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Ethan Hawke on ‘Training Day’ and What It’s Like to Work With Denzel Washington

The actor joined ‘The Bill Simmons Podcast’ to discuss the 2001 film and how he got the role of Jake Hoyt

Ethan Hawke Getty Images/Ringer illustration

It’s been nearly 17 years since the film Training Day premiered, and to this day Ethan Hawke, who played Officer Jake Hoyt, says it’s still one of his most-quoted films. This week, the actor joined The Bill Simmons Podcast to discuss that movie and what it was like to work on it with Denzel Washington.

Listen to the full podcast here. This transcript has been edited and condensed.

Bill Simmons: Training Day, 2001—did you know that was going to be a monster [film]?

Ethan Hawke: Totally.

Simmons: You have MJ in his prime. You have a great script. You had a good director.

Hawke: I read that script and, you know, you’re picturing the intersection of Denzel [Washington] at that moment in his career with this great piece of writing. Antoine Fuqua was a really exciting young director at that point, and he was ready for that job. And I wanted that part so bad because I knew what a good film that could be. I met Antoine, and it became kind of clear to me that Antoine and Denzel wanted me but other people didn’t want me, and I was going to really have to jump through some hoops and audition. ... I was already being offered movies and things were going well, but I was like, you know what? I’m going to get this part. I’m going to eat a little humble pie, and I’m going to go in and I’m going to get this part. And I did.

Simmons: What movies have [you done where] people come up to you and just throw lines at you? That’s gotta be in the top three, right?

Hawke: Oh, yeah. You know, “Jake! Jake! You got the money, Jake?” You know, “King Kong ain’t got nothin’ on me!” I mean, people say that to me pretty much daily.

Simmons: Was [Denzel] the biggest force-of-personality actor you worked with, or was there somebody else?

Hawke: A bigger force than Denzel?

Simmons: Just like day-to-day, on the set.

Hawke: Let me tell you something: Have you heard of the expression “alpha male”?

Simmons: Yeah.

Hawke: Yeah, well, if there was somebody who was bigger than Denzel on a set, I wouldn’t want to be there.

Simmons: He was friendly with Michael Jordan, and I always wondered, like, what happened when they hung out together that they didn’t just fight to the death?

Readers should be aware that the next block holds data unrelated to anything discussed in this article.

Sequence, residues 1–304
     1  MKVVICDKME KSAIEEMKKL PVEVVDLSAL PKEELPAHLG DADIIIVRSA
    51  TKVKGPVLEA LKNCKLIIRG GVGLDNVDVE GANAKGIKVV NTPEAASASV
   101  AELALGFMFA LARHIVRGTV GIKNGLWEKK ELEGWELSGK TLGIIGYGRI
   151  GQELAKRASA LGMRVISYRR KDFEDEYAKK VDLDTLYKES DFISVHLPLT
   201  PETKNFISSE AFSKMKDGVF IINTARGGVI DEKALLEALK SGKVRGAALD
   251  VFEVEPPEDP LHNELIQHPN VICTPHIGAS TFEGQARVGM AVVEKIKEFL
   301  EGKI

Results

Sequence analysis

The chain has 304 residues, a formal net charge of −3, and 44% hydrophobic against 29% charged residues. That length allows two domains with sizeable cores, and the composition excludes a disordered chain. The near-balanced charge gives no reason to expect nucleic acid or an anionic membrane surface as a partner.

Hawke: I just mean that he’s an amazingly confident man. He knows who he is, and he fills the room, and he knows what he wants, and he expects a lot from other people. I worked with him again on The Magnificent Seven [in 2016]. I love working with Denzel. I’d love to work with him again. I mean, he’s great at what he does. If you’re some shrinking violet, it’s going to be a hard time for you.

Simmons: It sounds like Jordan.

Hawke: It’s an unbelievable accomplishment, what he’s done. Thirty years, major international movie star, and a world-class great actor. I mean, he’s on Broadway right now doing Iceman Cometh. His performance in Flight is—anybody else does that movie, and it’s like a charming, kind of neat indie movie. Denzel Washington in Flight, that is an event. He’s one of our finest actors and a genuine, bona fide, card-carrying movie star, you know? He’s a better actor than, maybe when you think about other generations, like, Clark Gable or one of these people. He’s on par with Marlon Brando, but he’s sustained it for 30 years.

And he’s doing it carrying the burden of being African American in this country and having to carry a lot of extra weight as a role model, as a leader in his community, having to face racism, having to fight through it. I just saw in Brooklyn the other day, they did an anniversary screening of Malcolm X. I guess it’s been 25 years. It’s a towering achievement, and if you see that movie in a crowded house in Brooklyn on the big screen, it’s like a rock concert. And I was thinking, he should’ve won five Academy Awards for that movie. It’s just so much better than most of the performances that guys win Oscars for.

Simmons: I would say that with sports, where the MVP trophy should be different weights depending on how good it was. It’s like a 40-pound Oscar.

Hawke: Yeah, it’s a 40-pound Oscar.